Proposed bronze statue of the singer (Photo: Romo Studios)
“I knew it had an awkward part to it. You can’t really celebrate prison; you don’t want to glorify criminals or turn the thing into a Disney park,” he said. “When the city planners initially told me they wanted musical kiosks, I thought, ‘Oh God, no…’”
Instead, Romo immersed himself in trying to find “the essential truth” of Johnny Cash and his concert experience at Folsom Prison. Romo watched Cash videos, listened to his music, and read his biography until he distilled what he felt were some key messages.
The 17-foot-tall towers (Photo: Romo Studios)
“The Cash performance at Folsom was about redemption — not only for prisoners, who were considered to be untouchables not worthy of such a show, but for Cash himself, who had gone through some hard times and whose career was in decline,” Romo said. “Both the prisoners and Cash discovered something behind the bars of the prison that raised them to a higher level.”
So Romo designed several art installations for the trail to share this message of discovery and redemption. One, a series of laser-cut 17-foot-tall towers, will be placed so that from one angle they look like stark cell-block bars. From another angle, the profile of Cash and his guitar will be revealed. A series of granite blocks taken from the same quarry as the prison walls is planned; they will be carved with messages that prisoners mailed to Cash after his show.
A seven-foot-tall bronze guitar pick will also adorn the park. (Photo: Romo Studios)
Additional statues by Romo and another artist are planned, one with Cash sitting on a stool near the prison gates, and a glowing “Ring of Fire” guitar pick sculpture will be the backdrop of a planned music amphitheater. This may seem a little glitzy for Johnny Cash; after all, this is the guy who kicked out the stage lights at the hallowed Grand Ole Opry (and was initially banned for life). But his daughter Cindy Cash represented the family on the selection committee for the artworks, and she declared that the project “resonates with our view of what our father was all about. He would have liked going out on the trail with his walking stick.”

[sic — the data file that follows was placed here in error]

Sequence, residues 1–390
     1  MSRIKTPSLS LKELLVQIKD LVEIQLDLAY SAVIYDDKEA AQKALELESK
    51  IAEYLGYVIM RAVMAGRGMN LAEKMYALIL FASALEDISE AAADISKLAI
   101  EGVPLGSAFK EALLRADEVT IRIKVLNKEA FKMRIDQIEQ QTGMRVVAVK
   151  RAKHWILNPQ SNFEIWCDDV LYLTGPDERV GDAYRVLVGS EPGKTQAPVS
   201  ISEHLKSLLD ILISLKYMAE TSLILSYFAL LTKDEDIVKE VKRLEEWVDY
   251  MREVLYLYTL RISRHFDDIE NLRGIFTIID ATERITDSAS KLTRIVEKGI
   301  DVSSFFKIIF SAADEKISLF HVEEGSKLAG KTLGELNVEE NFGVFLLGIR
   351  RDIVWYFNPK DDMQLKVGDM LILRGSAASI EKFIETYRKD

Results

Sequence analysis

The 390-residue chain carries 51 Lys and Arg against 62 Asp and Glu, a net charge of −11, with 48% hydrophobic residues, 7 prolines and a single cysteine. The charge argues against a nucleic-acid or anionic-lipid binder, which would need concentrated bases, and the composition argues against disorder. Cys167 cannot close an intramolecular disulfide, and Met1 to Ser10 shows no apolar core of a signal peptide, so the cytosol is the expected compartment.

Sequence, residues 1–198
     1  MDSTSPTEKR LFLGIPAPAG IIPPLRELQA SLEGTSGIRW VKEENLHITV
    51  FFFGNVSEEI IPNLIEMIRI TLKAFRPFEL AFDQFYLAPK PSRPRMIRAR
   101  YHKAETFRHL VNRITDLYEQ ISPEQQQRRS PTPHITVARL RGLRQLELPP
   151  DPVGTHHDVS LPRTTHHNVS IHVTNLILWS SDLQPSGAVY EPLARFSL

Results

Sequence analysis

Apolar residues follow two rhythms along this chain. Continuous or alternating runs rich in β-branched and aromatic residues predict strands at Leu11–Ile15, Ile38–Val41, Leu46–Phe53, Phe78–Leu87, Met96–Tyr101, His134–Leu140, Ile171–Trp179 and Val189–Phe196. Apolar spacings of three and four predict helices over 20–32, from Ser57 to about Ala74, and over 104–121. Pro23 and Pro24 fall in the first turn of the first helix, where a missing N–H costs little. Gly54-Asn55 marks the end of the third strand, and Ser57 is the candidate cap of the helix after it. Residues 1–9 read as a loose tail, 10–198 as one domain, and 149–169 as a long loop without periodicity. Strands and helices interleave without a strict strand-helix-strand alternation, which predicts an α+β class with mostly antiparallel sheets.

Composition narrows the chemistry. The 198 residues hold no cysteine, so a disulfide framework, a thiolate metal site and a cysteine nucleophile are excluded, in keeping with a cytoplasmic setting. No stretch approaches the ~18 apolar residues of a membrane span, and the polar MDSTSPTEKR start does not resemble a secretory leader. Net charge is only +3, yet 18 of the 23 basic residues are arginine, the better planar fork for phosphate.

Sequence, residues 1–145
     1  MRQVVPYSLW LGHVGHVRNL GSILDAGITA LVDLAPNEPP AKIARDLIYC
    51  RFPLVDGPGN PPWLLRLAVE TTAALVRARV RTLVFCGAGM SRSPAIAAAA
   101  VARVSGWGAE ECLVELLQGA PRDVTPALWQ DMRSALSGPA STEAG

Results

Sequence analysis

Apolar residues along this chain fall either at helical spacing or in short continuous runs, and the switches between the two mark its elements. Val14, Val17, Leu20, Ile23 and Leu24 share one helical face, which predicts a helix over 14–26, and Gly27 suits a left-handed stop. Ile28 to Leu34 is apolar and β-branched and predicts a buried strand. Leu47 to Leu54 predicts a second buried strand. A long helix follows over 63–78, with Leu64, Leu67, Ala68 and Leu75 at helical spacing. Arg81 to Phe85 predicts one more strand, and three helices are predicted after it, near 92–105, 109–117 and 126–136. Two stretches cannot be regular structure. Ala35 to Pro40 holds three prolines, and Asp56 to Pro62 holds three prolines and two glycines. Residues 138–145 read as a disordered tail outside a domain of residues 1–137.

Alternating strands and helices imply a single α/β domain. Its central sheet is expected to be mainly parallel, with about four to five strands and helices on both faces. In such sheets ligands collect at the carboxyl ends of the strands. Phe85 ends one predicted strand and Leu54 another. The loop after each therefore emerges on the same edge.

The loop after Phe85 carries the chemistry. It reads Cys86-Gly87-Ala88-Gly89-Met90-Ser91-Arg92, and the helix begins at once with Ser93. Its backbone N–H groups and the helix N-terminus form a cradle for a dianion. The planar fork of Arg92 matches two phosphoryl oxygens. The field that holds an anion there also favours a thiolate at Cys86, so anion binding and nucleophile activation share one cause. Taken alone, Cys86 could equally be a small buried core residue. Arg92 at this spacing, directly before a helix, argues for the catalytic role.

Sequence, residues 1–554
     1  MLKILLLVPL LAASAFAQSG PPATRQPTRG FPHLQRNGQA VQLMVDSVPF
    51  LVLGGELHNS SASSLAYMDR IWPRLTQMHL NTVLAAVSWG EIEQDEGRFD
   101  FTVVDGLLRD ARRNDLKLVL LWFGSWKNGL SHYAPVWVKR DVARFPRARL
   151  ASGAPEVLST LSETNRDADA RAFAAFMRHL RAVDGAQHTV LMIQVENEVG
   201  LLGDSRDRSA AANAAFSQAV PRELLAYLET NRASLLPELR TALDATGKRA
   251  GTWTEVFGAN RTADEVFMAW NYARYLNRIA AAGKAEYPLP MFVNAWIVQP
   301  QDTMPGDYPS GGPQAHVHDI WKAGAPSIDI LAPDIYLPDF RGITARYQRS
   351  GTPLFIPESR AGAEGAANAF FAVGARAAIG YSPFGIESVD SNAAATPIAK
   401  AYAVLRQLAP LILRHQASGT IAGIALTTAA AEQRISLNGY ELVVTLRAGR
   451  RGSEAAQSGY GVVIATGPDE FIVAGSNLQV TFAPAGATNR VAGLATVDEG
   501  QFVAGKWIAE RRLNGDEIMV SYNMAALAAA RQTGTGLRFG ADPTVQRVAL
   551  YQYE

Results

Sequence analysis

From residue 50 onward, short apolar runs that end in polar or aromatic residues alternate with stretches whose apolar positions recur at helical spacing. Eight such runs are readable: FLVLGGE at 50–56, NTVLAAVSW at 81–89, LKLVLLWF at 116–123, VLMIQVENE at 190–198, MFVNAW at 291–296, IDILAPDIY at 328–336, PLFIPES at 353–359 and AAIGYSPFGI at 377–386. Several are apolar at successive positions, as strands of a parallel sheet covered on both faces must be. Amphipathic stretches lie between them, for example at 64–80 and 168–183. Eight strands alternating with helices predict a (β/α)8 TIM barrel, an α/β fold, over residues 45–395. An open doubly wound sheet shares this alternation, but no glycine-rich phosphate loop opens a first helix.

The trail will feature a Cash-inspired Ring of Fire. (Photo: Romo Studios)
And yes, there will even be an app for the trail. Rather than having music playing from speakers (“That’s something that would drive even the biggest Cash fan crazy after a while,” said Romo), a smartphone app is planned to augment a visitor’s experience with on-demand songs, stories, and background for each of the installations, to be played through headphones.
As it stands today, the Johnny Cash Trail is just some blacktop and an imposing overpass (although the path does wind through some surprisingly scenic areas). The city is planning to crowdsource the additional $3 million in funding required to create the art projects and develop the parklands.
Site near the start of Phase II of the Johnny Cash Trail. Bring your guitar. (Photo: Folsom Parks & Recreation)
Depending on the speed of funding, the full interactive Johnny Cash Trail Experience may take years to complete. But gritty Cash purists take note: Even with the happy, healthy bikers whizzing by, there are still spots along the trail now (and in the future park) to sit in the shadows, strum a guitar, and let “that lonesome whistle” of traffic blow your blues away.